Demonstrators in Bangkok blocked some polling stations in the Thai capital and continued to insist that they would ignore the results of the vote, but in spite of their protests, voting went ahead across the country. Michael Peel reports.
Demonstrators march towards the government building in Bangkok
Thailand’s prime minister, Yingluck Shinawatra, called a snap election on Monday, but failed to halt fresh mass street protests aimed at ousting her government. Read the full story on FT.com.
Another week, another barrage of criticism for Thailand’s massive rice subsidy scheme.
This time the attack on a programme that is costing the government billions of dollars a year and adding to worries about the country’s economy is delivered diplomatically, but none the less forcefully, by the International Monetary Fund. Continue reading »
It was one of those moments that investors and analysts in Thailand have been waiting for: insight into the government’s massive Bt2,000bn ($68bn) infrastructure spending plan.
But rather than a big press conference, it came in a little-publicised lunch talk by Chadchart Sittipunt, Thailand’s transport minister, to members of the Japan-Thailand Association last Friday. Continue reading »
Thailand’s attempt to register around 1.5m illegal migrant workers by the middle of next month is causing more problems than it might solve.
The deadline for workers to apply for permits has been extended – but with employers reluctant to apply on behalf of workers, and workers forced to jump through several expensive bureaucratic hoops, there are still 1m yet to complete their registration. Hanging over the process is the threat of deportation – and worries for business. Continue reading »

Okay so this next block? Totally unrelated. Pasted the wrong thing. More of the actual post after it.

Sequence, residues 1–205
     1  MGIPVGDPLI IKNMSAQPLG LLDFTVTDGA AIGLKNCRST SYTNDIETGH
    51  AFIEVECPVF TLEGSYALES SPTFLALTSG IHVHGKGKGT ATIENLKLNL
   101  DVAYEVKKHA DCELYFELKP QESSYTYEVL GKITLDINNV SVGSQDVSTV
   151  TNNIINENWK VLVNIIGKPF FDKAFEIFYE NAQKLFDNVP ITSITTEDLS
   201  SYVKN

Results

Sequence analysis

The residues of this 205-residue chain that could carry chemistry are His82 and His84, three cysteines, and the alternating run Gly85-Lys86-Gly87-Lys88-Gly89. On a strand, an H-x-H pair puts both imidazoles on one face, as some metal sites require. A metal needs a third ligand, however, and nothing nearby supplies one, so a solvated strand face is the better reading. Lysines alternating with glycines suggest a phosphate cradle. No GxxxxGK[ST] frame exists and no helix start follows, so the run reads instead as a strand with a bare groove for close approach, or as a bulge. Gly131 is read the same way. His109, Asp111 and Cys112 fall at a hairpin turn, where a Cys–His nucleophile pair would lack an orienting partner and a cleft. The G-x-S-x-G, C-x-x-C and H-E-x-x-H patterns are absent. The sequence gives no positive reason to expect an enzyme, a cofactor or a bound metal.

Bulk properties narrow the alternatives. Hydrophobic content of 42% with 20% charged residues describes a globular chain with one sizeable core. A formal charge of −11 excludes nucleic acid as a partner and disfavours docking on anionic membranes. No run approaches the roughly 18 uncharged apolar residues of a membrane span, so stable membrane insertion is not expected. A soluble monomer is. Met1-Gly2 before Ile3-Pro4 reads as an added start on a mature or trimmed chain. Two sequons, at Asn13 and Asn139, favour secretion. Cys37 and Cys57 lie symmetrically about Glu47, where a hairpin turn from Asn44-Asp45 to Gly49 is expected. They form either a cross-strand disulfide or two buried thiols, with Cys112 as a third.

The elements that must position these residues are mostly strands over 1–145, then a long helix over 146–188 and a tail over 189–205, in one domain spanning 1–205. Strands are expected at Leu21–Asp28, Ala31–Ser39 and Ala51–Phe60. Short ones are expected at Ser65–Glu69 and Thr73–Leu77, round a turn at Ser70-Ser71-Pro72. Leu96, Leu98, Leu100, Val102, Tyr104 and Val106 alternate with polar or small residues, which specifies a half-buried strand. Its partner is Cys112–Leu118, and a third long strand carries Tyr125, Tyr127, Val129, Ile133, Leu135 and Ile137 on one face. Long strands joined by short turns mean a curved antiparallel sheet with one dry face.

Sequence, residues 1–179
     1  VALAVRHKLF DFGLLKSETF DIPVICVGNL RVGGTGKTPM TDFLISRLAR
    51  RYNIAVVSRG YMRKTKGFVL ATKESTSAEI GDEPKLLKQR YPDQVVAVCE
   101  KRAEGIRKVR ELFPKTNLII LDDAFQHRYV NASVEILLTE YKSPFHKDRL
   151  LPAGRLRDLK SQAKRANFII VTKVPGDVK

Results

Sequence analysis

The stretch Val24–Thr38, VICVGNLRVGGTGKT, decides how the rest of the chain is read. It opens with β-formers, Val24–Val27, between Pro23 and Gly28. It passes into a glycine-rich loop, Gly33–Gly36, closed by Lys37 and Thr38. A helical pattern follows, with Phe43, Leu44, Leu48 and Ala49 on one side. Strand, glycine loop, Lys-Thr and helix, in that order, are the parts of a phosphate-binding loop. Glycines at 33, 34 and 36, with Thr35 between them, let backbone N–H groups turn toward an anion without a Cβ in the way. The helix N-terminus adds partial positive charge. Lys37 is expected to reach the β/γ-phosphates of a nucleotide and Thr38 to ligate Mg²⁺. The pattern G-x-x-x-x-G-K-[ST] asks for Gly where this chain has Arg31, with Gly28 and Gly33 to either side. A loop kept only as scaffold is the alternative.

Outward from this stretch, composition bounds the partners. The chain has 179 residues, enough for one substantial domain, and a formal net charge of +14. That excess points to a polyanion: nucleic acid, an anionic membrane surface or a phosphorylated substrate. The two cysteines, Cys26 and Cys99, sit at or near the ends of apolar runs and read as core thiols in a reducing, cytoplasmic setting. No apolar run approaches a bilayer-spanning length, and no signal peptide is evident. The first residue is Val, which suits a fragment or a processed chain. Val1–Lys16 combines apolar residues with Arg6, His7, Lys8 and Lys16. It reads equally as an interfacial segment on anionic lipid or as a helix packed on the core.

The Thai government, known for its string of populist policies including rice and fuel subsidies, is delighting working class voters (those with a job, anyway) with the introduction of a national minimum wage, which kicked in on January 1.
The policy has already triggered fierce criticism in business circles and reports of job losses, particularly in rural provinces. Yet, some experts argue that despite short term pain, a hefty national minimum wage increase will raise both living standards and productivity. Continue reading »
Siblings have a special way of taking a poke at each other, even long after they have flown the family nest.
And so it is with Thaksin Shinawatra, Thailand’s exiled former premier. In a public appearance on Friday he insisted, as he often does, that he isn’t running the country through his younger sister, Yingluck, the current prime minister.
“I’m not running Thailand,” he said. “My sister is running Thailand, but she may ask my advice on some issue. But not every issue. She is very capable – much better than I expected.” Ouch. Continue reading »